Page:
Fiona Fernandez: Who moved my heritage?
As one more piece of our urban history faced the axe last week, isn't it high time for the BMC to wake up to these shocking actions, and hopefully, execute a plan to safeguard crucial historic footnotes that shaped the very city that it runs?
An over-century-old portion of a platform on the CSMT railway station was being brought down to make way for 'modernisation' work planned at the world-famous landmark. pic for representation
It was one of those typical mid-week afternoons at the office. Weekends or weekdays don't really dictate the pace of the day but we had sufficient time to break into a broad smile. We had just wrapped up a read on a UNESCO website about a heartwarming account where a bunch of heritage-loving students in Indore were busy conducting a series of walks, thus doing their bit to 'make heritage fun.' This was part of a worldwide initiative to support and showcase small, hyper-local activities that introduced neighbourhoods and localities to the idea of heritage.
And then, as if a really dark, massive rain cloud decided to upstage a perfectly summery sky, we learnt that an over-century-old portion of a platform on the CSMT railway station was being brought down to make way for 'modernisation' work planned at the world-famous landmark. Just as we had feared when the proposal was floated, the inevitable was happening. Slices and chunks of railway history were being wiped out. No second thoughts when the hammer fell on those pillars. And certainly, no site visit by experts to access the property, or make an attempt to save these invaluable pieces of heritage from a permanent wipeout.
A while ago, Bhandup station met with the same fate. And before that, we've lost count, actually; there have been numerous instances of railway bridges and roadside structures across the city, including pyaus, pedestals and railings, all dating to over a century, that have fallen prey to upgrades in the name of making the city a world-class one.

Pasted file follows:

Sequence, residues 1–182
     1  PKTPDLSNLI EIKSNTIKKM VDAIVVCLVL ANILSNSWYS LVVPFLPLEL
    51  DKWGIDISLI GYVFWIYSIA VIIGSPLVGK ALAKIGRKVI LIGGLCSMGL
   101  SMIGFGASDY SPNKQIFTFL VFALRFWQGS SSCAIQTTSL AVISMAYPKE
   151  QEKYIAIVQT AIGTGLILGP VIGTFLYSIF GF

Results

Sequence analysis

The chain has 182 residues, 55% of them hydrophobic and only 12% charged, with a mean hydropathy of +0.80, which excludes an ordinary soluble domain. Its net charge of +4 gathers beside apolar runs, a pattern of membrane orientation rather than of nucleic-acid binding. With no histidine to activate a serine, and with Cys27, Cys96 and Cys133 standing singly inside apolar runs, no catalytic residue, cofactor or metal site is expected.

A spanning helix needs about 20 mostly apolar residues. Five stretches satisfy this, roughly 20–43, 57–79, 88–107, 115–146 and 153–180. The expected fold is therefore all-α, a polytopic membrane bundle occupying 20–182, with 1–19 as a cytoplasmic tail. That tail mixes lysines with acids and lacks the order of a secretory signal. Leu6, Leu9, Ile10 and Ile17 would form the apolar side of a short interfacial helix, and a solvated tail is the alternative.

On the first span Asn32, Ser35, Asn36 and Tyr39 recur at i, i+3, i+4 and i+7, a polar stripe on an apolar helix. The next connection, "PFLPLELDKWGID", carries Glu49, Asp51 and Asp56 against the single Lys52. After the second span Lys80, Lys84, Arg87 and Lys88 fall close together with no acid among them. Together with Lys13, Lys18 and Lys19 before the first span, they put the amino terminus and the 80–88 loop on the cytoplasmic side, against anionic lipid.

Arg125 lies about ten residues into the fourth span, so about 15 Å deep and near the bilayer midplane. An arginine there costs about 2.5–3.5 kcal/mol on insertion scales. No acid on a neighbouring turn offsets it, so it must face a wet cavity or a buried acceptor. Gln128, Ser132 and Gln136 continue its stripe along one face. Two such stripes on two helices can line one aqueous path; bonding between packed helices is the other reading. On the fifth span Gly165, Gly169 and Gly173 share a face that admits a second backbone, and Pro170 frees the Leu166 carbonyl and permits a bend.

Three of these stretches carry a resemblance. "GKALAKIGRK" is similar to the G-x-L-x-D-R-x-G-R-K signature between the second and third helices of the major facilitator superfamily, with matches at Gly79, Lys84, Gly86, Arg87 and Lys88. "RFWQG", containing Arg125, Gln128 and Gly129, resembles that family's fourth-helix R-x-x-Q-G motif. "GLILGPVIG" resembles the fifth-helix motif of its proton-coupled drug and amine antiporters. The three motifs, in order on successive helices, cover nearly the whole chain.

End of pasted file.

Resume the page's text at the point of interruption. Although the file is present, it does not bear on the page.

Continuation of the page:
For every Sassoon Dock revival or revoking of the plan to make CSMT a museum, news like this takes us 10, or even 20 steps back. One loaded question continues to hit us in the face like a bad rash that refuses to leave — why does old have to be destroyed to make way for the new? Why can't the two be allowed to co-exist?
Babus from the BMC might not bat an eyelid when it comes to hopping on to the next 'phoren' tour to cool Toronto or hip London but it is in these cities that lie countless lessons of a successful, aesthetic blend of the traditional with the modern. I recall this one visit to Ferry building in Auckland. The impressive 1912 build Edwardian Baroque structure had welcomed sea traffic to New Zealand's northern shores for over a century. For a heritage buff like yours truly from Bombay the date didn't wow us.
We've stepped into older cafés in our city, let alone having walked past far more impressive built heritage that boasts of pre-dating its counterparts across the world. Yet, the sense of pride that the one building occupied among the Auckland's residents was unbelievable. Most importantly, it wasn't tampered with because of its high real estate value. The one-time address for the country's ferry operators today houses some of the city's finest restaurants and swish cafés, offering stunning views of its natural harbour. Most of these operators, we were told, had moved to the new building.
Examples like these, we're sure, aren't tough to source. It's the initiative and intent by our lawmakers to safeguard a great city's heritage and urban history that is a cause for concern. The other option would be for our museums and citizen groups to come together and create a strong forum to protect these priceless footnotes of our beloved Bombay. We need to act fast before this train leaves the platform for good.
mid-day's Features Editor Fiona Fernandez relishes the city's sights, sounds, smells and stones...wherever the ink and the inclination takes her. She tweets @bombayana Send your feedback to email@example.com
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